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Thread: Morse-Baudot

  1. #11
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    According to the attached article, the ROM software on this board was developed on an ALTAIR with a Tarbell cassette system, an ASR-33 Teletype and some SOL-20 boards and utilities. Oh, and a Cromemco Bytesaver! Examining the HEX, there's some oddball sections like this one:

    RAMjunk.jpg

    Stuff like that is likely garbage that was left over in RAM when the code was burned into ROM. There's probably a bunch of other garbage scattered throughout the ROM image as well. After reading the manual on how ROMs were written from an Altair front panel and a Bytesaver board, it makes perfect sense. You would get your code running in RAM, then copy that RAM into the ROM, it would include all the artifacts that were left in RAM at the time.

    curtisElectro.jpg

  2. #12
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    There were also editor/assemblers that were completely RAM resident (e.g. Processor Technology) along with the source files. I used one on my Altair. Worked pretty well for what it was. That's likely where the source code comes from--the editor was one that used a BASIC-type line numbering system.

  3. #13

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    Quote Originally Posted by Hugo Holden View Post
    So you are saying that the sort of appearance seen there in that file with the zones of FF's you would judge as probably original programming ?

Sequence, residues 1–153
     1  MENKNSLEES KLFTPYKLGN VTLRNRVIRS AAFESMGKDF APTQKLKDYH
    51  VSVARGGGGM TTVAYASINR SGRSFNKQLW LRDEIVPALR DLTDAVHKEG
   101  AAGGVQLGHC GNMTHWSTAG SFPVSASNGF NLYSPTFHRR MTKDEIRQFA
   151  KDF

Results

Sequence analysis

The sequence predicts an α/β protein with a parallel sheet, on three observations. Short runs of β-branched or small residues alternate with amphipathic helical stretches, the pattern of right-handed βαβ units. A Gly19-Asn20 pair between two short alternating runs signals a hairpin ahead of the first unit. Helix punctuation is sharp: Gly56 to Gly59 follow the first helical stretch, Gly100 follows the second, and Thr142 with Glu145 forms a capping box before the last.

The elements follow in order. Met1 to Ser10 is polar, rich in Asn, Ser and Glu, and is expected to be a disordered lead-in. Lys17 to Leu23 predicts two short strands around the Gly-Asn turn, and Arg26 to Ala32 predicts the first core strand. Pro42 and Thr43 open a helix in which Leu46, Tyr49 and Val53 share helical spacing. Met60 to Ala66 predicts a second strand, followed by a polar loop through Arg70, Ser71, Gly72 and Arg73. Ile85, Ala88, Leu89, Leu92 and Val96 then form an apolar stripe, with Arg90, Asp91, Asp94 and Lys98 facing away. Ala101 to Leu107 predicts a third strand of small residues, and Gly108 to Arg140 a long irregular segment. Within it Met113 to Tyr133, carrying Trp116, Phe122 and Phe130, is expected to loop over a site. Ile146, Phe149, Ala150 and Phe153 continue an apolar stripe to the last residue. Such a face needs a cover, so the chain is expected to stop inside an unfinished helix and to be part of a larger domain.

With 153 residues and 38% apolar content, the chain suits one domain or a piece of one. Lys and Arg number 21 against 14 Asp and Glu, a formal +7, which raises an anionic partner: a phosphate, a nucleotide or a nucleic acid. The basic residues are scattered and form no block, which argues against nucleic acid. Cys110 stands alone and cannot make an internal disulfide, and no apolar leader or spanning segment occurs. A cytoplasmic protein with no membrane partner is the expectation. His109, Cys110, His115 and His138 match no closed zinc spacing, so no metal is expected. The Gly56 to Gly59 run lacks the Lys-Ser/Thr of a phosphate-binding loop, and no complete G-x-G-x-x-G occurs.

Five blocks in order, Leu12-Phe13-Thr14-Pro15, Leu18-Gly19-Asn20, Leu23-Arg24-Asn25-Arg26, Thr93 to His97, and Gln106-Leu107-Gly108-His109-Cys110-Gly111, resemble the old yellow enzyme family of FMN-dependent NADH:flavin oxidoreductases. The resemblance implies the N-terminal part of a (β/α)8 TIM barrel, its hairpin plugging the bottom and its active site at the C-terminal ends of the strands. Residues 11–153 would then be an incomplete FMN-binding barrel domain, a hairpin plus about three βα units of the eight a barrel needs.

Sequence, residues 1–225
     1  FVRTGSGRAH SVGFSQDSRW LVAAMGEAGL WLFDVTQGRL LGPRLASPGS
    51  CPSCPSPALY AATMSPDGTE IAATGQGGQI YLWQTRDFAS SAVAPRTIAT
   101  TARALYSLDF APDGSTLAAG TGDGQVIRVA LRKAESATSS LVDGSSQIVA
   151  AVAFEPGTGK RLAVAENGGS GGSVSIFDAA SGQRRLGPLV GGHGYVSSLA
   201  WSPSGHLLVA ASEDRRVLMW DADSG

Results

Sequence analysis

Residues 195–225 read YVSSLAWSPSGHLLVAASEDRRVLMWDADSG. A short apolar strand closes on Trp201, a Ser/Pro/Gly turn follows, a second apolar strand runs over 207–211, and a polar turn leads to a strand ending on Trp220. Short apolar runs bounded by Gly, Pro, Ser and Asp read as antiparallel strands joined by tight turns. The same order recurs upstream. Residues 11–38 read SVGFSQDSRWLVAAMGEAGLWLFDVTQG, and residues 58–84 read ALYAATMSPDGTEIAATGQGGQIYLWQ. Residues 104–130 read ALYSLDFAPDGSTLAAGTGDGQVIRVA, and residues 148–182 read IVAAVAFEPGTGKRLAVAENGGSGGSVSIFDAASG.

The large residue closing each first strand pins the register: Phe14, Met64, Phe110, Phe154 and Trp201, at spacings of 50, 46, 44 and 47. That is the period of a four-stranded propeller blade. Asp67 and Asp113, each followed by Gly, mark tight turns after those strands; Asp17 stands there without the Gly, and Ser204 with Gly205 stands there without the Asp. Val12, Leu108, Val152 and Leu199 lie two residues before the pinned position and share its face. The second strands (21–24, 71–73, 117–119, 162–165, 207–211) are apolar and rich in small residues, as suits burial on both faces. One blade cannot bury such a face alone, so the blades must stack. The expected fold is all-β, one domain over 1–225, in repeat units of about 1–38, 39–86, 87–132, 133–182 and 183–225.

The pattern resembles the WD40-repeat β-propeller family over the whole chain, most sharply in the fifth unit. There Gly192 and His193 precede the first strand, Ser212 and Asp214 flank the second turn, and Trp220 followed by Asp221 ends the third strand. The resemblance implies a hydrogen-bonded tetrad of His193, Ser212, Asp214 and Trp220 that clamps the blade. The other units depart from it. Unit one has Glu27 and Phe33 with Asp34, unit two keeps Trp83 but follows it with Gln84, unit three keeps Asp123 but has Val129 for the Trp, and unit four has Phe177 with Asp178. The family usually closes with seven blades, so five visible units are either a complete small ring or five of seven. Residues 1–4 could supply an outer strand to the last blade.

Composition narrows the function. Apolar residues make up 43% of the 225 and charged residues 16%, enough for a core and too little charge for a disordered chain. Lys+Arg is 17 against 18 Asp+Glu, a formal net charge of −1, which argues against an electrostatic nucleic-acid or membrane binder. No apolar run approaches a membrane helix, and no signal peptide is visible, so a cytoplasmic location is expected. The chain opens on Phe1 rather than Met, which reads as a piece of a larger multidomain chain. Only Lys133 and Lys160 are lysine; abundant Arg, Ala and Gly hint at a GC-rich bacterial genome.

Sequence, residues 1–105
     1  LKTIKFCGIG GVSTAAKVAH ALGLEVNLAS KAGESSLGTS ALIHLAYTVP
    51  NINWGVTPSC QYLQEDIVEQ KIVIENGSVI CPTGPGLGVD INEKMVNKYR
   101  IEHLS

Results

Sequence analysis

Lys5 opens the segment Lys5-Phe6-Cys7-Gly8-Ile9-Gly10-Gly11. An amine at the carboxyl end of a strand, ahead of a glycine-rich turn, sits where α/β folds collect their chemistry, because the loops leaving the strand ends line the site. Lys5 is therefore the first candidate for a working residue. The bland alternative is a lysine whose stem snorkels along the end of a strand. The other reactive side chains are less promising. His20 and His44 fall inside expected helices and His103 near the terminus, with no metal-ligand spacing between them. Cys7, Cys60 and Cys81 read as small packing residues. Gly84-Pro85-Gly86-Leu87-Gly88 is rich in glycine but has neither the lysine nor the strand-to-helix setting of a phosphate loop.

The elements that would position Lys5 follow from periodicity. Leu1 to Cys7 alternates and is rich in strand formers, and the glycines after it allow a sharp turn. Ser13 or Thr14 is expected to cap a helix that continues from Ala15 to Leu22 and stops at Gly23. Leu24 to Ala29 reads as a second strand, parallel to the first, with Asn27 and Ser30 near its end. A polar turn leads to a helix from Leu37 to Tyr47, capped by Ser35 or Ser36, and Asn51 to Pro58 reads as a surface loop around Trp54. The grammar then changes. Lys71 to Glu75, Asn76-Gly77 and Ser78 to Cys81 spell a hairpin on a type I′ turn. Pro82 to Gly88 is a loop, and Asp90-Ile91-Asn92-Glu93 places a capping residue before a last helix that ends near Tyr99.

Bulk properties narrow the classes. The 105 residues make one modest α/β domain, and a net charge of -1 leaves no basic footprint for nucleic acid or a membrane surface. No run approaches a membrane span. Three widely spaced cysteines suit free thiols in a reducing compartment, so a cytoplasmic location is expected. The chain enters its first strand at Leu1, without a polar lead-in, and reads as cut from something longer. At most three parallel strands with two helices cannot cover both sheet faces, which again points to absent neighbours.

Some would intentionally fill with 0's. Others would leave these areas blank. Some would even fill with whatever garbage was in the unspecified RAM at that time. I know that the programmer for Heathkit was religious as he'd put something related in the empty locations. Most programs that used a checksum byte at the end of a ROM image would pad with 0's. My point was that erased by age would float to 0FFh rather than 00.
    Dwight

  4. #14
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    The only way to really be certain is to dump the PROMs and disassemble them to see if the code makes any sort of sense.

    My money's on the 0ffh areas simply being unprogrammed. I imagine that the PROM programmer source was in the form of Intel .HEX files, which need not present contiguous data--there can be gaps and it's considered to be perfectly normal. A smart EPROM programmer would ensure that unused areas remained ff's.

  5. #15

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    I have seen this board listed on eBay during the summer (several months).

    From the 1970s to mid-1980s there were a variety of Morse/Bardot products (discrete & IC designs),
    before the usage of Digital Signal Processors (DSP) in late 1980s (Texas Instruments & Motorola chips).